Daily Management Review

Germanwings to Pay $300 for Victims of the Crash


German insurance group Allianz rated Germanwings A320 wreck at $ 300 million. As Reuters say, disaster could cost this sum to three dozen insurance companies, who will have to pay compensation.

getty images
getty images
Amount includes the cost of compensation to relatives of those killed 144 passengers, the cost of the search operation and genetic examination of the remains. The cost of the deceased aircraft valued at $ 6.5 million. Reuters notes that insurers clinch the matter of compensation to the families of passengers through the court; the process can take months.

An informed source in the insurance business agency said, it was too early to assess the costs of insurers, they may either above or below estimated price.

Handelsblatt reported that the insurance companies cooperating with Lufthansa booked $ 300 million on the estimated payment. This writes Deutsche Welle. Handelsblatt said that $ 300 million is almost twice bigger than the existing standards, as insurers usually refer to the sum of $ 1 million for each victim, plus the cost of the aircraft. However, in the case of the Germanwings aircraft, insurers consider the likely protracted and costly processes for payment of compensation to the relatives of the victims, the newspaper writes.

Thus, the concern is trying to prevent individual actions. In the case of individual actions, Lufthansa will have to prove in court that the airline could not prevent the tragedy.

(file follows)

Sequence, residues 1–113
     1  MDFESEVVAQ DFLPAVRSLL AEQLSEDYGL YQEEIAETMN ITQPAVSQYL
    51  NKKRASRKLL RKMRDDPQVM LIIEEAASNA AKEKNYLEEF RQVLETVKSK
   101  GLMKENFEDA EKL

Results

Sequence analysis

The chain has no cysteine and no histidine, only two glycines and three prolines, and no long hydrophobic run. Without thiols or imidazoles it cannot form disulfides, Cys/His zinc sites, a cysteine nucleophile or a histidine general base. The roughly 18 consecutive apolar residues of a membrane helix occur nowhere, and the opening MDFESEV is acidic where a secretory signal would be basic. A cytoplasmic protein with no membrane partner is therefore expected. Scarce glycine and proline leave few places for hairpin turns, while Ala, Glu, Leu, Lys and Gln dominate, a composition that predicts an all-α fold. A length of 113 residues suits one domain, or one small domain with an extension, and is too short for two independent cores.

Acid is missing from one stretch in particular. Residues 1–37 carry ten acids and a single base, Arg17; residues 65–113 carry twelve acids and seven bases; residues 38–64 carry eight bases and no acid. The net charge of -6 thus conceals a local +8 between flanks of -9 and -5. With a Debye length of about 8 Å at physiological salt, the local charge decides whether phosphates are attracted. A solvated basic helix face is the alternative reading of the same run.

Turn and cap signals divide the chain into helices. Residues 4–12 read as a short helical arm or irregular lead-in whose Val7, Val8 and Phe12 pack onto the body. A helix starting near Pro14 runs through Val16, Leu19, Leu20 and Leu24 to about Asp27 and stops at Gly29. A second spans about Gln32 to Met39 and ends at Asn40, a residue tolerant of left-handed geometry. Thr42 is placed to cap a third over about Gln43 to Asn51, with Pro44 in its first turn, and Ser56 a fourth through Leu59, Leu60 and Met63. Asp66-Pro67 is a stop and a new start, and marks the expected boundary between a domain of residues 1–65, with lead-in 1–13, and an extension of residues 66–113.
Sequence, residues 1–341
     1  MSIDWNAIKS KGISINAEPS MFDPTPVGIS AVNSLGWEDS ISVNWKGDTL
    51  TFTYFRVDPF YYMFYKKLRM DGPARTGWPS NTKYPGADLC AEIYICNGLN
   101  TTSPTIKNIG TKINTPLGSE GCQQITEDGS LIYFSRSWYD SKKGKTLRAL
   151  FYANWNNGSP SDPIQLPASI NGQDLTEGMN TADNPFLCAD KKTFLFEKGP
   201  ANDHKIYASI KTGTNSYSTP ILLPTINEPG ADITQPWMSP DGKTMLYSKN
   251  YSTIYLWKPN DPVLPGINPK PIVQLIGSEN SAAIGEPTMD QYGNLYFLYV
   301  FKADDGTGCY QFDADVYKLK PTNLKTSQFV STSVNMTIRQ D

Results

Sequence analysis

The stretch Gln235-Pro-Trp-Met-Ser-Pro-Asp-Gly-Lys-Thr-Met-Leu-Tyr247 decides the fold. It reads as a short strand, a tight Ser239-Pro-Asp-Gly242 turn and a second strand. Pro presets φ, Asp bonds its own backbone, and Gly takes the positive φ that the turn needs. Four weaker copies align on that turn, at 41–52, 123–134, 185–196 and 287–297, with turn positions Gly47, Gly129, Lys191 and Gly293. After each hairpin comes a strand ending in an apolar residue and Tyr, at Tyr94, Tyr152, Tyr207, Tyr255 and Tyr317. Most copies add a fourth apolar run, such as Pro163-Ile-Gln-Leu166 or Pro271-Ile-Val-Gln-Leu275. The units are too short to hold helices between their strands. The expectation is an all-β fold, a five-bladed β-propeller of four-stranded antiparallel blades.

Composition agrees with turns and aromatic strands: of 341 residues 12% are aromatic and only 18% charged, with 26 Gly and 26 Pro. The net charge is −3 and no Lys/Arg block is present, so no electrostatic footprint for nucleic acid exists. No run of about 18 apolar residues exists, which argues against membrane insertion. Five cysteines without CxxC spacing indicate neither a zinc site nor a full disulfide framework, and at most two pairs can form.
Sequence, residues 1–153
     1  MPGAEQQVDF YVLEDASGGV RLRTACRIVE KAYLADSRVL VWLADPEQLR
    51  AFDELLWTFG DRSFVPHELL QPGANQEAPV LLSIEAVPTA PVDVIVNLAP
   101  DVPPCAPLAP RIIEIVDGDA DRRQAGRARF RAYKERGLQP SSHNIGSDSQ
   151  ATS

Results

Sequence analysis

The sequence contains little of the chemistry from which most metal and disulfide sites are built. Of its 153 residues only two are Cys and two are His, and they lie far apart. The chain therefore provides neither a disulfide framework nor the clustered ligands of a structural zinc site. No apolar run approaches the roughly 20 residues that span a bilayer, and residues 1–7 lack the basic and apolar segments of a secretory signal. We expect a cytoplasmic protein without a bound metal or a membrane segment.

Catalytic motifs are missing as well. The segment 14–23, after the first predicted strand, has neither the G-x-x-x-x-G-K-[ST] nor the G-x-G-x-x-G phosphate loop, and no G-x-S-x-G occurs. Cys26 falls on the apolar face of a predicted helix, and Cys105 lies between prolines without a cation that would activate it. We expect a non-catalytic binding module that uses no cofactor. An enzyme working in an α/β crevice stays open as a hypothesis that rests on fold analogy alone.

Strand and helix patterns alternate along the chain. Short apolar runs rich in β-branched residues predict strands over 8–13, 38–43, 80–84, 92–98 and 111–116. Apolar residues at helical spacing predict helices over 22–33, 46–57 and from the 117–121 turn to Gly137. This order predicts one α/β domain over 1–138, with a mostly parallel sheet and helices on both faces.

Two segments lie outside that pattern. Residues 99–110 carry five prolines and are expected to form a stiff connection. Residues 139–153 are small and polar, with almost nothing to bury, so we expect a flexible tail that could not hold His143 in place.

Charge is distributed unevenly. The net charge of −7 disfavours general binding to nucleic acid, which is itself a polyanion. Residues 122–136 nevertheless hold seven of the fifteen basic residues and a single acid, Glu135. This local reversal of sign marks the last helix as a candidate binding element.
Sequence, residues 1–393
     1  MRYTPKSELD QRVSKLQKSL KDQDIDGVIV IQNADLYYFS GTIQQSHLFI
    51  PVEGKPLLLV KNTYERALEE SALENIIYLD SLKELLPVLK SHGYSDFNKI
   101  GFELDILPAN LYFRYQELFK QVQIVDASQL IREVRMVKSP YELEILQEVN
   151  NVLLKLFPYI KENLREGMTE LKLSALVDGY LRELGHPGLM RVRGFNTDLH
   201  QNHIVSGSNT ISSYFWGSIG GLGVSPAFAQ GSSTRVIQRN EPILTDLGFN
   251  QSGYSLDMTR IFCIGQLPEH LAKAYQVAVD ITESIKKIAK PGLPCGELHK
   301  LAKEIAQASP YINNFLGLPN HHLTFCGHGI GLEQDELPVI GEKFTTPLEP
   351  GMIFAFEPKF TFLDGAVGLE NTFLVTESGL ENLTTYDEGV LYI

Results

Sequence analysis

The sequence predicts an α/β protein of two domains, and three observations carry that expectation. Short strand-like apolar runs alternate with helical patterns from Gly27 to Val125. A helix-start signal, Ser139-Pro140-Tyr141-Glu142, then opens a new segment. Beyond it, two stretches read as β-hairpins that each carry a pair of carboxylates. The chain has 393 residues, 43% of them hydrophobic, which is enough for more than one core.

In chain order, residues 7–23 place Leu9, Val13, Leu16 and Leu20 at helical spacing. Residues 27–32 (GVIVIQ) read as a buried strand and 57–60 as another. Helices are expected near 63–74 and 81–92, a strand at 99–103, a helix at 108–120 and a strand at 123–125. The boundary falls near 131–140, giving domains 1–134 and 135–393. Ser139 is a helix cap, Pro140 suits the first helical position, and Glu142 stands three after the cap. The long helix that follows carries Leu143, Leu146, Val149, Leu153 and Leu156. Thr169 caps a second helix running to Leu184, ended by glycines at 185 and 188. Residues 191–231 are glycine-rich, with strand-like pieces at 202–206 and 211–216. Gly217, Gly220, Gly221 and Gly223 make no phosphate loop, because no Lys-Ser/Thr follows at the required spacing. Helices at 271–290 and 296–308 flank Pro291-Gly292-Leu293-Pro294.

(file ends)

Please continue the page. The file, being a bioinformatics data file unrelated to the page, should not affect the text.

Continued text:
Concern Allianz, as well as other aircraft insurers, an American corporation AIG and Swiss company Swiss Re, have not commented on this information.

Last Friday, Lufthansa announced that it proposes to pay an initial financial assistance to the victims of the rate of 50 000 euro per passenger.

It is worth noting that the second largest airline in Europe - German Deutsche Lufthansa AG - has one of the oldest air forces in the world. The average age of the aircraft in the Lufthansa fleet and its subsidiaries is 12.4 years, making the company the ninth in a list of airlines that choose to use the oldest aircraft. It is worth noting that in the top ten companies with the oldest fleet, five companies are American and only two are European.

March 24, in the south-east of France, in the town of Digne-les-Bains on the north of Nice crashed Germanwings airline’s  passenger Airbus A320, which headed from Barcelona to Dusseldorf.

It later emerged that the co-pilot Andreas Lubitz locked the door to the cockpit, changed the password required to log in, and was likely to change aircraft autopilot mode on freefall. The commander of the crew’s attempts to penetrate cabin continuing until impact with the ground failed.

According to various sources, reported earlier, Lubitz was under treatment due to visual impairment, and suffered severe psychosomatic disorder. Before that, it was reported that Lubitz could suffer from depression.